“We are very proud to be part of this effort,” said Dr Chandra P Gurung, Country Representative of WWF Nepal. “The handover will be held up around the world as a positive example of people managing their natural resources and enable learning on how to make conservation more equitable and sustainable.” He also thanked the Government of Nepal, particularly the Ministry of Forest and Soil Conservation, for taking such a bold step that proves conservation is being achieved in Nepal through partnerships between all stakeholders.
Since 1998, WWF has invested US$ 1.5 million in the Kangchenjunga Conservation Area Project. While the successful hand over of the conservation area to the local community is the biggest gain, there is less pressure on local forests and positive attitude towards wildlife conservation among the people. Wildlife poaching and illegal harvesting of valuable medicinal plants has decreased. Committees have been formed to monitor wildlife movement and illegal activities.
“WWF is greatly encouraged by successes like what has happened in Kangchenjunga,” said Mingma Norbu Sherpa of WWF US. “I would like to congratulate the Government of Nepal and the people for working through a decade of conflict to reach this pinnacle of achievement.”
Dr Jill Bowling, Conservation Director - WWF UK, added, “WWF is privileged to be part of such an important occasion. This is indeed a big win that illustrates that governments, partners, and local communities can work together to achieve important conservation results that benefits the grassroots and ensures a living planet for us all.”
1. The Kangchenjunga Conservation Area is known for its rich biodiversity, its spectacular scenery with Mount Kangchenjunga (8,586m), and rich cultural heritage represented by the 5,254 inhabitants living within the four Village Development Committees (VDCs) of Lelep, Olangchung Gola, Tapethok and Yamphudin. In support of WWF’s Living Planet Campaign, it was declared A Gift to the Earth in April 1997.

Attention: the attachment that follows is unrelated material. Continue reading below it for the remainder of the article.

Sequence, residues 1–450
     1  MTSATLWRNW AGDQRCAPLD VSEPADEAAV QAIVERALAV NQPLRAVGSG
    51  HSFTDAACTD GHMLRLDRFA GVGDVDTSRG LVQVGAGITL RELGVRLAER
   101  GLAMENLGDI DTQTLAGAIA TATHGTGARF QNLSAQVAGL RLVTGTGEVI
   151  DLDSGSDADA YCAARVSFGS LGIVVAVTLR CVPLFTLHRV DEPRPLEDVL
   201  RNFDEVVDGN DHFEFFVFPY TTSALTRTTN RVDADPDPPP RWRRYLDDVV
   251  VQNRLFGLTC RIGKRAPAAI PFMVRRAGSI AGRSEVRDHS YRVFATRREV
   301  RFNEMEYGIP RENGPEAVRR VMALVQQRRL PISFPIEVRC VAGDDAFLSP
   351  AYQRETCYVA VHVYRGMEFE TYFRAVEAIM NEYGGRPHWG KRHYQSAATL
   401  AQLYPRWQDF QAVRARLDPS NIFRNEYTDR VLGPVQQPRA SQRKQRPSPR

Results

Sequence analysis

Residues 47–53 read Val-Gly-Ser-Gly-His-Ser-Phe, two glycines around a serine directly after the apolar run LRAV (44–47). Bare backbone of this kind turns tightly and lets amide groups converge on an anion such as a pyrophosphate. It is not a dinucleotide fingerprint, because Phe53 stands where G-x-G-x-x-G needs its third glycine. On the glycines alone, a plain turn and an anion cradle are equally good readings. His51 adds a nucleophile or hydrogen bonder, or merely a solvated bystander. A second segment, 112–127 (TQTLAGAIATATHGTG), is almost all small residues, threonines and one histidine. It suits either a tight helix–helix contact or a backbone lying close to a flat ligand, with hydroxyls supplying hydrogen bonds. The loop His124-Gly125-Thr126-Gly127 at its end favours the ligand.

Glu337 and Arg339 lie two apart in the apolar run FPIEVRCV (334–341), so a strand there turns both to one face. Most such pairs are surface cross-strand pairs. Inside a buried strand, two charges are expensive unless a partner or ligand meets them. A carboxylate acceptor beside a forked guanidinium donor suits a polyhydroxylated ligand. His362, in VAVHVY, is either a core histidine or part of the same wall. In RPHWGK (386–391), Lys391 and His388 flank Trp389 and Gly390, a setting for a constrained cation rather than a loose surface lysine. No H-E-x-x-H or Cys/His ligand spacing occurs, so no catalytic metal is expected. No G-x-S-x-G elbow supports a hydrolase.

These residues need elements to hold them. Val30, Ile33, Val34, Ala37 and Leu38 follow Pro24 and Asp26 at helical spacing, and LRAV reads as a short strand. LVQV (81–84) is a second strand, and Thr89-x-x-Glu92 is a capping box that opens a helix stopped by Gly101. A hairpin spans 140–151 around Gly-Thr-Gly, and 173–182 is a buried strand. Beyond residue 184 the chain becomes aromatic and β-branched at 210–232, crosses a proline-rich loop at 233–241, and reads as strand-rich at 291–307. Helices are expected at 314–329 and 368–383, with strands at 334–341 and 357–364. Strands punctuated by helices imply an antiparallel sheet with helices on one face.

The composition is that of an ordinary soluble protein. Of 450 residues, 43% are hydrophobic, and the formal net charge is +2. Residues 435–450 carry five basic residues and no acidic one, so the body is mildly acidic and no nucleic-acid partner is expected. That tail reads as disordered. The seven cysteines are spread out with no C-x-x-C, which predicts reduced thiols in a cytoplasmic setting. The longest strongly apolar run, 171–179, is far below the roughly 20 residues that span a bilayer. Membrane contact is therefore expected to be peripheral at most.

2. The Kangchenjunga Conservation Area Project was launched on 22 March 1998 to conserve globally threatened wildlife species such as the snow leopard combined with local development activities like the promotion of health services, informal education, and income generating activities.
3. The Sacred Himalayan Landscape is a landscape approach to biodiversity conservation and improving local livelihoods in the Eastern Himalaya. The concept and vision has been endorsed by the Ministry of Forests and Soil Conservation. A Sacred Himalayan Landscape Strategic Plan has been prepared under the leadership of the ministry and key partners. The vision of the SHL is “a Himalayan landscape where the biological and cultural treasures of the world’s highest sacred mountains and deepest valleys are safeguarded while traditional rights over resource use are ensured, and livelihoods of mountain people are enhanced and sustained.”
For further information:
Trishna Gurung, Communications and Marketing Manager, WWF Nepal.
E: mailto:firstname.lastname@example.org T: +977 1 443.4820
Basant Subba, Communications Officer, WWF Nepal.
E: mailto:email@example.com T: +977 1 443.4820
For photographs of Kangchenjunga:
www.wwfnepal.org or www.panda.org/nepal
Please credit © WWF Nepal